For UAV-enabled WSNs, sleep and wake-up mechanism is another useful technique to save the energy consumption of SNs[5]. With such a mechanism, the SNs remain in the sleep state until they receive the waking up beacon signal with good strength from the nearby UAV, at which time they will wake up and start sending data to the UAV, while after the transmission it will return to the sleep state. There are two critical issues in designing UAV-enabled WSNs for data collection. The first one is due to the limited battery energy of SNs. The wake-up schedule of SNs should thus be appropriately designed so that each SN can complete its data transmission with minimum energy consumption. The second issue is due to the highly dynamic wireless channels between the SNs and the moving UAV, which are prone to packet loss [6], especially for the practical case when multi-path induced channel fading is present. Thus, the trajectory of the UAV should be properly designed to ensure that each SN can transmit data with low outage probability when it is in its wake-up state.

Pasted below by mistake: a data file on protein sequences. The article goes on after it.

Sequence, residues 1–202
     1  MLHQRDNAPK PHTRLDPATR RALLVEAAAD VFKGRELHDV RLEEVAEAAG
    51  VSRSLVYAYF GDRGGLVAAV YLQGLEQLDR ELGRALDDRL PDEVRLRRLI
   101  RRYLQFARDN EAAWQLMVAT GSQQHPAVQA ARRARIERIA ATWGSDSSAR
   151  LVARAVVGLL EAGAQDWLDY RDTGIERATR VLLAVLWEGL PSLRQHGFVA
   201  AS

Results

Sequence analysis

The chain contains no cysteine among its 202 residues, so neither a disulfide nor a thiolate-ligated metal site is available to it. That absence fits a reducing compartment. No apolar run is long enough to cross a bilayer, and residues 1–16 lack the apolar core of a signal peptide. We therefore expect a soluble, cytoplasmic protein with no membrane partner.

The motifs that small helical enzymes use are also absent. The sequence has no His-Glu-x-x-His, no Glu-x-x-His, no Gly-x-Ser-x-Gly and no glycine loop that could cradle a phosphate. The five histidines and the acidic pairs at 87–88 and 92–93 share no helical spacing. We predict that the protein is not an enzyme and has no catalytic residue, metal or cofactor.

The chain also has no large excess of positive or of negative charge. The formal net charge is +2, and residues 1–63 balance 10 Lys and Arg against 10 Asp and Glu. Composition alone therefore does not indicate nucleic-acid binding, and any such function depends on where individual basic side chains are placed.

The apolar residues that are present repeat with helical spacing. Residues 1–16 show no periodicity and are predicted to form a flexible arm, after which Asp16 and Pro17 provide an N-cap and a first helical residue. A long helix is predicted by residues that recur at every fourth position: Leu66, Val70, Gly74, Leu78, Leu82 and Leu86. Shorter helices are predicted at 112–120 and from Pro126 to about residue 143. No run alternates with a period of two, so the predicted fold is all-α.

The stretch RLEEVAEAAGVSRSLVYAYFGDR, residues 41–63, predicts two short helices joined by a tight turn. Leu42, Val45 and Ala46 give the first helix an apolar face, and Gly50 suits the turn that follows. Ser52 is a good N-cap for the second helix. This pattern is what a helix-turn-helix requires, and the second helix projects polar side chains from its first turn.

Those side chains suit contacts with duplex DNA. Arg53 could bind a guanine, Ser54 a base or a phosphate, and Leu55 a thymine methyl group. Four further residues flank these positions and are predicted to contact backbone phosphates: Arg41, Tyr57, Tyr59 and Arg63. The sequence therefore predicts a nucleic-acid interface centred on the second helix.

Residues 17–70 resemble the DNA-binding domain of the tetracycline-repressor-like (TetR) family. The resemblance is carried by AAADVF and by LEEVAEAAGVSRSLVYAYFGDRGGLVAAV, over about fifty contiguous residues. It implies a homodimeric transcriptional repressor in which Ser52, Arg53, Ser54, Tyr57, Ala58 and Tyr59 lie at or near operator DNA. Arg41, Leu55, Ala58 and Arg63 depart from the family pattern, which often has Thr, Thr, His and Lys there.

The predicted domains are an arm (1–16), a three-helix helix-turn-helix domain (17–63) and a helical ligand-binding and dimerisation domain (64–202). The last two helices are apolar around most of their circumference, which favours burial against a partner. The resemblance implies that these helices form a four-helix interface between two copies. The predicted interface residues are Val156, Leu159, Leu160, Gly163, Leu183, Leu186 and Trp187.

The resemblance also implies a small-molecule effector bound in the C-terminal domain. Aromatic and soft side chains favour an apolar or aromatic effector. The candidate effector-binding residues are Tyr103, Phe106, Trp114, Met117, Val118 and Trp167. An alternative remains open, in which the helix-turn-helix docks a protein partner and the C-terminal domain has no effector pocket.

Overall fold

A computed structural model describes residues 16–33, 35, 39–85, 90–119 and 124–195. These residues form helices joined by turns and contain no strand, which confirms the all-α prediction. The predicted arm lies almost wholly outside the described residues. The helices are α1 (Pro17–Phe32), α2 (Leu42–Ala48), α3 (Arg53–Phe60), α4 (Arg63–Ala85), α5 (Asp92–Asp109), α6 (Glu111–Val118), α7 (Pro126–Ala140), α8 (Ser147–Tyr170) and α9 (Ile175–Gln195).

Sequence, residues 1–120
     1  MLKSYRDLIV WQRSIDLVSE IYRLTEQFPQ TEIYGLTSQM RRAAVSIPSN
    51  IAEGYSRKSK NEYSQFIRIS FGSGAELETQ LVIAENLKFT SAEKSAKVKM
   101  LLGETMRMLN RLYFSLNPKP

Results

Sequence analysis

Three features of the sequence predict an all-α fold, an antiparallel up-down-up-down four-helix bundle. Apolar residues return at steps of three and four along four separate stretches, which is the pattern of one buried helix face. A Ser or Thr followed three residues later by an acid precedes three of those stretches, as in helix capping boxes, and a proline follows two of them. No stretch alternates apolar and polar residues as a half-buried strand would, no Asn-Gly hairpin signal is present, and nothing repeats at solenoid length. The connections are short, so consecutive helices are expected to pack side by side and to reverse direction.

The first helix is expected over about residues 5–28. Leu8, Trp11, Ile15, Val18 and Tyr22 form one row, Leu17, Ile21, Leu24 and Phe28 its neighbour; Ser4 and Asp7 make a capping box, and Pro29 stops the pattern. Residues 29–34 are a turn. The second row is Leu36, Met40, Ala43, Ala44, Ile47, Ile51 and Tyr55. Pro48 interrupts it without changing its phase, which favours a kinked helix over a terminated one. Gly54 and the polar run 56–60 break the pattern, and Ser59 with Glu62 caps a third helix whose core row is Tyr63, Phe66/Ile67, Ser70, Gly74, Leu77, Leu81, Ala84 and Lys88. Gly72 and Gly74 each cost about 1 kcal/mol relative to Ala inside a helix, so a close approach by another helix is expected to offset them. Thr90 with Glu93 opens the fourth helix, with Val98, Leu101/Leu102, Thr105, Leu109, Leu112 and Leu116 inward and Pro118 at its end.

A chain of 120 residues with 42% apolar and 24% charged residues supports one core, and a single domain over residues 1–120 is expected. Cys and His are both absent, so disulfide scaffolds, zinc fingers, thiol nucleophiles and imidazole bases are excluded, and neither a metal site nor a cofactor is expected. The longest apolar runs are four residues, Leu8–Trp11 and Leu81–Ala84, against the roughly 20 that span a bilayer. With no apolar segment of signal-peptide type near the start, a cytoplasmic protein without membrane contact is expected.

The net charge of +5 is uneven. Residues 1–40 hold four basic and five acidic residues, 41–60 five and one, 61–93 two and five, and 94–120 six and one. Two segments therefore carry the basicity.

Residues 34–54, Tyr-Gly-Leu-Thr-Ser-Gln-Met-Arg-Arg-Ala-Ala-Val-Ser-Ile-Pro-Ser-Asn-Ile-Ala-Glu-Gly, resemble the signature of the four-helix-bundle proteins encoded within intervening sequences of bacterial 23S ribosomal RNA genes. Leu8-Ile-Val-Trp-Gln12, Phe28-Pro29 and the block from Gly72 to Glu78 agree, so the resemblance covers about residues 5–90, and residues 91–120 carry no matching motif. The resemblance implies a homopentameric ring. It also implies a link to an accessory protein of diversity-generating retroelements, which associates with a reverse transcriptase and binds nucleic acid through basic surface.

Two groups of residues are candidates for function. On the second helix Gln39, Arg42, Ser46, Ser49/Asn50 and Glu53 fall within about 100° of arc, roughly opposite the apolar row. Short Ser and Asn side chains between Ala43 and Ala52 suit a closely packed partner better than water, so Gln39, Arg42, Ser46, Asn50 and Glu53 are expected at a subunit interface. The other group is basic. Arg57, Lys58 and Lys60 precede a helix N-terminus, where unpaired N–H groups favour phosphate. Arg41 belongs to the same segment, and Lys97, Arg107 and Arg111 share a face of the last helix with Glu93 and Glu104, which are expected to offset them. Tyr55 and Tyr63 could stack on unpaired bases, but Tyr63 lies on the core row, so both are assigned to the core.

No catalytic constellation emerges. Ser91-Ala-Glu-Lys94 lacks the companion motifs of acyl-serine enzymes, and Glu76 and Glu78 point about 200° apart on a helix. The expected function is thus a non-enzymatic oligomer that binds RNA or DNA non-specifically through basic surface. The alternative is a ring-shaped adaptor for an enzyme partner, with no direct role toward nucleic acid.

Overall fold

The problem of jointly designing the SNs’ wake-up schedule and the UAV’s trajectory for energy-efficient data collection is new and challenging, which has not been rigorously studied to our best knowledge. The prior work [7] studied the UAV’s trajectory design via heading control for sum-rate maximization of ground users in their uplink communications with the UAV. A cyclical multiple access scheme was also proposed in [8], for supporting delay-tolerant data transmission from ground terminals to the UAV in a periodic manner. However, the above works did not aim to minimize the user energy consumptions in the UAV’s trajectory design. It is worth noting that an optimization framework for energy-efficient UAV-to-ground communication via trajectory design was recently developed in [9], but only the UAV’s energy consumption was considered.